Slashdot is also interesting because it is a subject matter site. People will argue the objective merits of vi and emacs all day, but they know that if someone comes at them with an argument that reading or writing anything but the bible is the work of satan and that they are going to hell because the bible says so, that person will be modded down by the community of modders, sort of protection in numbers for the ego.

In this community, at least, you have VERY diverse opinions, arguments, areas of expertise, ages...

Certainly, but we also filter out a large range of arguments, mostly ones that are not nerdy enough, like faith based assertions, and threats of personal violence. To call the membership of Slashdot diverse is fair in a way, but it is a self selecting group of people who pride themselves on being nerds, that is intelligence. This alienates a huge portion of the population and makes Slashdot readership very atypical. Heck, go down to your local bar and try to have the same kind of conversations as a typical one on this forum. It seems to be that people who value intelligence (a commonality here) are one of the subsets of our population that do like to argue for the sake of the discussion and the value it can bring.

Re:BS (0, Troll)

Archangel Michael (180766) | about 5 years ago | (#29620243)

The self righteous sanctimony and distain you have of what is CLEARLY more people than ABC/NBC/CBS and probably CNN combined is interesting. I'd love to compare the literacy of say those that watch what is on those channels to that of what is on Fox News.

The problem with people such as yourself, you can't imagine anyone having an opinion that is different than you, and when you even try, you end up saying that they are ignorant(and racist, and sexist ....)

Take for example the recent march on Washington, who covered it with any depth? If you watched the "main stream" (Urine Stream) news, you may have got a tidbit here or there, with one of the more radical signs of Obama as Hitler or whatever, and if that was the sole source of your "news", you would come away thinking that it was just "20,000" (or a "few") "right wing" cranks.

The problem is, the left does WAY more to marginalize news they don't want reported than say "Fox" does. It isn't just reporting something, it is HOW it is reported. Yeah, it is easy to say "Don't watch Glenn Beck" and then say "He's a racist"(having never watched or heard him) than it is to watch his whole show and take the quotes in context.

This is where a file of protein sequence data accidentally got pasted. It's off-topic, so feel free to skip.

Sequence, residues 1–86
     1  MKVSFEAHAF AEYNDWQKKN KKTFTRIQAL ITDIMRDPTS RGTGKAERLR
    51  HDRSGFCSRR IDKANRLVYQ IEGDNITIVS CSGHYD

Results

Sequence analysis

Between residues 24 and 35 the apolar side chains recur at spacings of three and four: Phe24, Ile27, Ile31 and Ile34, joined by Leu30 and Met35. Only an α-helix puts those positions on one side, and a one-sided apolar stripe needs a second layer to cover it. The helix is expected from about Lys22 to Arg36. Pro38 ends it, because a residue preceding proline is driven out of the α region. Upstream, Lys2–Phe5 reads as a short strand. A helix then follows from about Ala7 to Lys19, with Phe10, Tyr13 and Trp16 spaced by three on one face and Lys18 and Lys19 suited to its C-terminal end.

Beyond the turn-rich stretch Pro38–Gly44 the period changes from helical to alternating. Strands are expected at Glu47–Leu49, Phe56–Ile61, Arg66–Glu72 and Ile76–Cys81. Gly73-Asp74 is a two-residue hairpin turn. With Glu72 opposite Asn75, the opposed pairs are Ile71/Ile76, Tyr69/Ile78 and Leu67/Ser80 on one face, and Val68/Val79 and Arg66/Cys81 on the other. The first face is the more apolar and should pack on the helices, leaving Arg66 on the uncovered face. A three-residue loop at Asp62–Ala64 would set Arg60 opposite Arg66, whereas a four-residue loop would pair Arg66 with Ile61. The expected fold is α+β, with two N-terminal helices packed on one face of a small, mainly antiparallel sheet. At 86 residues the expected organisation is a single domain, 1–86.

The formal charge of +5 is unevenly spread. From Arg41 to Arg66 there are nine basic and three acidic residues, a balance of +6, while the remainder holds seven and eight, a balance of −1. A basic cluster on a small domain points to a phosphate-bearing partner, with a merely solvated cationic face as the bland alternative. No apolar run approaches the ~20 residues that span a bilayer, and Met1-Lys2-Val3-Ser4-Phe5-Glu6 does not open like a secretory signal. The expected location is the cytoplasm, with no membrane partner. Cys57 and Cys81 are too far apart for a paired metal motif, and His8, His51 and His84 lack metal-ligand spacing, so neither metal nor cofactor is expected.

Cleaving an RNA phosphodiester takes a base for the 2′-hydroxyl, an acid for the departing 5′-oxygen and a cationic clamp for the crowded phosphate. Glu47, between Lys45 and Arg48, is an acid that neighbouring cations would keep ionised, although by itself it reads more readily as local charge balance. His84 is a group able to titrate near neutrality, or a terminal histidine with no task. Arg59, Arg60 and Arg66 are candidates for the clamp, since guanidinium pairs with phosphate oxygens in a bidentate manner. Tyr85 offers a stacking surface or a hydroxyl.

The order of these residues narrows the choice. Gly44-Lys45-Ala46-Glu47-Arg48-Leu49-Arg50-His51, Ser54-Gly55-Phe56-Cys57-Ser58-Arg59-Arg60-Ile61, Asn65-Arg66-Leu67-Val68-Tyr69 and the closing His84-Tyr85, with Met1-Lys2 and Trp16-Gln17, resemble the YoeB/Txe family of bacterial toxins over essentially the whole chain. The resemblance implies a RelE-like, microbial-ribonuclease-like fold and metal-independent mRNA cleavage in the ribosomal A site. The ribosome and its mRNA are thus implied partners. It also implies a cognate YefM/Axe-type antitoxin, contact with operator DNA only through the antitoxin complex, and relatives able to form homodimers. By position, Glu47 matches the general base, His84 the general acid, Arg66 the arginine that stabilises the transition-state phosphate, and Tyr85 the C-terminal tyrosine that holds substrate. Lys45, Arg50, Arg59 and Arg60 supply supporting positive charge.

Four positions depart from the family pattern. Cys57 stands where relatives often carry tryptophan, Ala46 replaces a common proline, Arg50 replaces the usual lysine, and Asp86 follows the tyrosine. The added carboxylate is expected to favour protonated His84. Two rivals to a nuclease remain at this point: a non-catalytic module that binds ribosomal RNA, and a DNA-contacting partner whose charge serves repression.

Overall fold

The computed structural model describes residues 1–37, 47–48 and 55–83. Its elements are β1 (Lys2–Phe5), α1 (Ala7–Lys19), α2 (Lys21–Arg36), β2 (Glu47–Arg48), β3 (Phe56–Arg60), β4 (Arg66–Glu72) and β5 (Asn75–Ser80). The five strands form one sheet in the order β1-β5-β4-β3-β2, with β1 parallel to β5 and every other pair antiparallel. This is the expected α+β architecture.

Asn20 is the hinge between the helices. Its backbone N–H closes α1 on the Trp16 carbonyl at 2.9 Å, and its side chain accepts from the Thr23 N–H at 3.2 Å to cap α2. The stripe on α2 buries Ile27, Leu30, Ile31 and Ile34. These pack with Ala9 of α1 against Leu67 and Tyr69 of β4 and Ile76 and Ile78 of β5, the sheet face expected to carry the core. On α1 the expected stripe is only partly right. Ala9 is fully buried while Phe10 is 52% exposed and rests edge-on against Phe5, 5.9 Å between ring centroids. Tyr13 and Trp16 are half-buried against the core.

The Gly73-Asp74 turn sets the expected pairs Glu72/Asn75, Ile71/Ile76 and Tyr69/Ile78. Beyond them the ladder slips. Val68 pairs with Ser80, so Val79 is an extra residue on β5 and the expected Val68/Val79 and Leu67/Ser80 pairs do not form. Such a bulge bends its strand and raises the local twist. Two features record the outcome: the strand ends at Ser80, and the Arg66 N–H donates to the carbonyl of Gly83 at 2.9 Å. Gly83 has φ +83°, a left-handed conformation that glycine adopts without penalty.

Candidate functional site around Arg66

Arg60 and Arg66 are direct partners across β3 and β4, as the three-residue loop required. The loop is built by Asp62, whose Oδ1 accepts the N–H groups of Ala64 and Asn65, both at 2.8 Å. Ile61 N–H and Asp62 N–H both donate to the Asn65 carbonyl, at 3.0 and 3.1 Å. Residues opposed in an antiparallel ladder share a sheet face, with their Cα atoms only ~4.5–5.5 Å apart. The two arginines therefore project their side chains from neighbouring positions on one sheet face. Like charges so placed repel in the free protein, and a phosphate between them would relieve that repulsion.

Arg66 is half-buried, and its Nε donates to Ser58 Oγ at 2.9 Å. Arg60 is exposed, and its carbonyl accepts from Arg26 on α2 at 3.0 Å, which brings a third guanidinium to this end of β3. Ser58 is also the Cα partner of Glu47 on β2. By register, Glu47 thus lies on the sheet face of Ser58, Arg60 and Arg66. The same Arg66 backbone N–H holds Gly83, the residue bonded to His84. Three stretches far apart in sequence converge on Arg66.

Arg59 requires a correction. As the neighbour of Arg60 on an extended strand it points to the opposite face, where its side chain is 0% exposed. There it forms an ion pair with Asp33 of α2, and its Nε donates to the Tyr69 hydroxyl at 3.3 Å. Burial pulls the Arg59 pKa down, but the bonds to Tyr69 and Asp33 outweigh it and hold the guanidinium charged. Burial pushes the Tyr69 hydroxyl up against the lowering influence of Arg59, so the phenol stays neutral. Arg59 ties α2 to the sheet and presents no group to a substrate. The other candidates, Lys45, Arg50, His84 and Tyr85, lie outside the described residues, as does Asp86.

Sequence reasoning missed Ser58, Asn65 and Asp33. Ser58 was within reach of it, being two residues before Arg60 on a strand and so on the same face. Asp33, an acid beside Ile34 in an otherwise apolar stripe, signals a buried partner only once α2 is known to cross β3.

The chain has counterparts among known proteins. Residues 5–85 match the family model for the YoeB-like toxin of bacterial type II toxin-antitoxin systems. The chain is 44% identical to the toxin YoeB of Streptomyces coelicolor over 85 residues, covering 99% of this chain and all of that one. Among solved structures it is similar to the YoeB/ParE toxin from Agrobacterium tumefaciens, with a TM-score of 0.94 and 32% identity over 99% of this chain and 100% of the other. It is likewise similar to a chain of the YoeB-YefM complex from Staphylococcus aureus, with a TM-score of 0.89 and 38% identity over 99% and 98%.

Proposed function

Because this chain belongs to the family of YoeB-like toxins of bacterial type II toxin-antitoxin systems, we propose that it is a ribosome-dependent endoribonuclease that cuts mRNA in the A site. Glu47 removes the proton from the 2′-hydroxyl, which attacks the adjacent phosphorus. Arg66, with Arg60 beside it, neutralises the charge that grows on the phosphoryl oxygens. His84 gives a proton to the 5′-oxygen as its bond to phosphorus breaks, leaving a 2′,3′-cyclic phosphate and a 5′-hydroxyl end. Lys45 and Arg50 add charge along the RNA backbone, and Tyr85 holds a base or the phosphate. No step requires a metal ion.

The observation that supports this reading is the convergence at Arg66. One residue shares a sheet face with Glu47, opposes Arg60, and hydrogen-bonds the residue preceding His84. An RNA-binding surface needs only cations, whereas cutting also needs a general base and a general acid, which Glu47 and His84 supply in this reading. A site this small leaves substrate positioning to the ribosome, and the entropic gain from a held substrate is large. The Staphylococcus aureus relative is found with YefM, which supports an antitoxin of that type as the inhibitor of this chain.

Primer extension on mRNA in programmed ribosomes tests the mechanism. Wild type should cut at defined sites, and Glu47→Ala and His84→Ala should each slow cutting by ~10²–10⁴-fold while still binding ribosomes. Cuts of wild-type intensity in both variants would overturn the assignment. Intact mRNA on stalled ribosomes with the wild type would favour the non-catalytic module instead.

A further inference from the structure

And now we have a president that has DUBIOUS connections and continues to surround himself with all sorts of "radical" people who are far outside even Democrat mainstream, and now when people finally realize how RADICAL he is, something only FOX actually reported, people are leaving those other news shows in droves.

And all you can do is insult the "people" thinking your views are superior. Guess what, you're nothing more than an elitist snob, just like the rest of the LEFT.

I don't need a government to rule over me. Sorry, you can take your views and shove it. I'm a libertarian, and a Libertarian, and government is NOT the solution to any problem I know. It is a necessary evil, and does more harm than good.

I'm reminded of the quote by George Washington ...

Government is not reason; it is not eloquent; it is force. Like fire, it is a dangerous servant and a fearful master.

Yeah, I'm one of the "right wing bigots" who think all men are equal. I don't presume to know what is best for someone other than me and my family, and I resent anyone who thinks otherwise!

So, take your elitist crap and shove it. I get plenty of news from a variety of sources, and I don't listen to just PBS, and I happen to like Fox News. I also like PBS, BBC, and Bloomberg.

Your whole premise is that people watch Fox News because it fits their views is so elitist and ignorant, and I'll prove it. Do you watch Fox news, and why not?

The funny thing is, you probably don't watch Fox News, because it doesn't fit your views. The very thing you are accusing others of.

Pot, meet Kettle.

On point 3. (1)